When I was a 19-year-old student, I wished to earn something on the side to not max out my student debt. One of the many attempts to get some monthly income was to work as a cook at McDonald’s. Back in 2010, I started working on probably the most famous burger in the world, the Big Mac. My responsibility was not to make that burger. That’s far too much responsibility for a newcomer. My job was to dress the buns of the Big Mac. The day before my first working day I was trained by an interactive videogame with a talking milkshake, notably aimed at adults with a very high Dora the Explorer vibe. I learned to always wash my hands.
On that first day, I approached my workspace. The floor was a bit greasy in some spots, I discovered by slipping. I was completely surrounded by shiny metal kitchen appliances, wearing a black McDonalds apron and a matching polo shirt. The cashier in an identical outfit stood right behind me. We were separated by a wall of milkshake, soda or ice cream machines and that rack where finished burgers slide down on towards her.
Whenever she sold a big mac, she would yell “two HB [hamburger] down please”. I would start briefly grilling the buns creating a crystalized crispy layer over the soft cushioning of the bread. As I do this I would yell “two HB down” to the grill master, all the way in the back. Think of the fire beacons of Lord of The Rings, a chain of passing down information. I had exactly as much time to dress the buns with the Big Mac sauce, ketchup, onions, lettuce as it took to grill the burgers, which was about 40 seconds. The grill master would put the cooked burgers on the buns which I spread out on a tray. Standing next to me, the fourth person in this chain, would assemble the burger and wrap it in paper and slide it down the rack towards the cashier. It was an incredibly streamlined process of the McDonalds restaurant operation. What I didn’t know back then, is that this experience would provide me with a highly suitable metaphor for innovation in organisations.
As a burger dresser, I was a part of the operations, tasked with merely carrying out operational procedures. It was my job description to do so, I was hired to do so and I was ‘trained’ to do so. I helped to maintain the output of this McDonald’s restaurant measured in burgers.
Let’s transfer the metaphor and look at the organisation you are in. How many people are making burgers? How many people are tasked with creating new ways of making burgers or even develop things that are not burgers?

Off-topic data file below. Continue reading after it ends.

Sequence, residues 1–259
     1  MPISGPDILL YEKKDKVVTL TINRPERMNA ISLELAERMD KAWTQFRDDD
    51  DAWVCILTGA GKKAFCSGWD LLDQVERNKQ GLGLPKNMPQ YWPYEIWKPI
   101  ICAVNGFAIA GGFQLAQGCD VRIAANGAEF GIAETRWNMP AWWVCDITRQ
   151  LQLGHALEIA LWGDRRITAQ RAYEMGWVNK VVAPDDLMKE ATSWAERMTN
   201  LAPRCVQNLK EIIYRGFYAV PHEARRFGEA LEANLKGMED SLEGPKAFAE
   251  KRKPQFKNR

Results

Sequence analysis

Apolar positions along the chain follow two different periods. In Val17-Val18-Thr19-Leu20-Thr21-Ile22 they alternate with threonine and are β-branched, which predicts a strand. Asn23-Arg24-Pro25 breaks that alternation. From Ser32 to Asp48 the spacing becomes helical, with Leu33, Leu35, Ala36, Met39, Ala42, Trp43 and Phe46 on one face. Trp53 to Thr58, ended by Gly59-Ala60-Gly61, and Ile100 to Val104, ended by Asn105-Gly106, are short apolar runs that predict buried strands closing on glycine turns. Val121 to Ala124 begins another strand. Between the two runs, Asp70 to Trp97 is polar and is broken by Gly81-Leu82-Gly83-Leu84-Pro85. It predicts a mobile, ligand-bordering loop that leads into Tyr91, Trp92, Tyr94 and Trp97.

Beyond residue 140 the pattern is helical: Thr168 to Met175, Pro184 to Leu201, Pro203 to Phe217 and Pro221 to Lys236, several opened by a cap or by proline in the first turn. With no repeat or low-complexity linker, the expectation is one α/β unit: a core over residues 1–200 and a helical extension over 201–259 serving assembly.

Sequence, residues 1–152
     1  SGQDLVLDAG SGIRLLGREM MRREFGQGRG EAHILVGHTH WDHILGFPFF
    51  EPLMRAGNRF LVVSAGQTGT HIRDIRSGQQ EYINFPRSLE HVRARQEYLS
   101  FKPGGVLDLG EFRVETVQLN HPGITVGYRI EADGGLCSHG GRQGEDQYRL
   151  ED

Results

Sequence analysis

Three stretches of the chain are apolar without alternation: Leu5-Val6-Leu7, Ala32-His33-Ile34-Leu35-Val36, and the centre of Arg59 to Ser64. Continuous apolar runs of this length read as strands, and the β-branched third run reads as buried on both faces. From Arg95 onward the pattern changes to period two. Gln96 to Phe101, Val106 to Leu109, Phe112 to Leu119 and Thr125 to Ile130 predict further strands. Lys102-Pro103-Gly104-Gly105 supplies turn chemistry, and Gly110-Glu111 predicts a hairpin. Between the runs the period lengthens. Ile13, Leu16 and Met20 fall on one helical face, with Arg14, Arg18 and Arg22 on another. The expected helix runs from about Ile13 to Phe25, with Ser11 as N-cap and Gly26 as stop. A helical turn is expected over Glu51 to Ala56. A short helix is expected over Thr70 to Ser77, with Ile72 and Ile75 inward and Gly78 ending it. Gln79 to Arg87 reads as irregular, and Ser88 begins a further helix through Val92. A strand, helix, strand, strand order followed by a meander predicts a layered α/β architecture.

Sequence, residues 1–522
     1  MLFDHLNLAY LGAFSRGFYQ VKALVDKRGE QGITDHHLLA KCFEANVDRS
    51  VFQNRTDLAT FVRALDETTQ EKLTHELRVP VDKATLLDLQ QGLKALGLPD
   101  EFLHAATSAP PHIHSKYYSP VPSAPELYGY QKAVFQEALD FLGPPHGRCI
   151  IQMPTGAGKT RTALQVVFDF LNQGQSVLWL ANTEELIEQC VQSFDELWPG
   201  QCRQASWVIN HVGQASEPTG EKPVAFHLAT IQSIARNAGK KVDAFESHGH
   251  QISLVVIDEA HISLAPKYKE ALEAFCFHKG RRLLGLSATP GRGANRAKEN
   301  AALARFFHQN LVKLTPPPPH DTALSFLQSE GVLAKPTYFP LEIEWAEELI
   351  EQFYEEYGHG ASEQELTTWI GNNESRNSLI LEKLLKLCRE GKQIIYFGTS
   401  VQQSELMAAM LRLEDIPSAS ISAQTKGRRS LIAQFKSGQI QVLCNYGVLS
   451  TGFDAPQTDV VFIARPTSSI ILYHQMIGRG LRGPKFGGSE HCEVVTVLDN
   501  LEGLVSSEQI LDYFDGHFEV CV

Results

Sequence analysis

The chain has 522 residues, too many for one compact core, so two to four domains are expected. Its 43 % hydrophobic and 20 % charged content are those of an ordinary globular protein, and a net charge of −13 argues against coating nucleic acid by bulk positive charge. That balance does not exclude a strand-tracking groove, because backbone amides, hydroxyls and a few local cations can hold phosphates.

A lot of the organisations I encounter the vast, vast majority—if not 100%— of the people spent time on meeting the burger targets. Yet, managers are surprised to see that these teams are not creating new ways on how to make burgers. This friction between innovation and targets arises so easily. In literature, it’s seen as the battle between exploration and exploitation. When incentives are only set on exploitation by meeting operational targets, explorative efforts will suffer. Exploration is uncertain and therefore willfully avoided by managers responsible for targets. Why would he take the risk if there is no reward? Moreover, exploration often has delayed returns, as it can take time to make a measurable impact. Visionary leadership is required to recognise this, as failing to innovate can render your entire business obsolete. If you want your teams to innovate, allocate time, resources and mandate. Reward aimed exploration, accept the risk for failure, and have a true discussion about the priority of targets over innovation.
Even though you have tasked people with the challenge to innovate, and the resources are there, innovation can easily stagnate. A common problem is that most people that make burgers are not trained for innovating: they were trained for making burgers. Expecting from your burger flippers to create a new business opportunity by saying “Go innovate more!” is like pointing at a forest and asking your HR-person to build a log cabin from scratch. Think of this quote:
“Everyone is a genius. But if you judge a fish by its ability to climb a tree, it will live its whole life believing that it is stupid.”
Even though it is not proven that Einstein wrote this, this is what often happens within organisations: expecting innovative behaviour from people trained otherwise. Opposed to the climbing by the fish, innovation can be learned. (For the sake of efficiency, I am assuming we want this to happen with the current people and not wait for 10.000 generations of fish to mutate to be able to climb, such as a gecko). The basics of innovation, indeed, comes rather intuitively to humans.
This is where most design thinking and innovation workshops come in. A (centralized) place is created where new burgers or new things are born in a guided fashion. This channelled creativity indeed leads to new concepts. If you are not doing this already, you will be surprised how many ideas and opportunities might already be in your teams. However, this might leave ideas in hanging in a conceptual form. Having dedicated people in your teams that are able to capture innovative ideas and push them all the way to implementation—it’s a long road—is the approach and skillset of the future. They should be able to navigate the complex structure of your organisation and surpass conventional organisational boundaries in order to make a true impact. The structure of your organisation has a huge influence on how easy it is to implement innovative ideas. This too can be designed in order to foster innovativeness.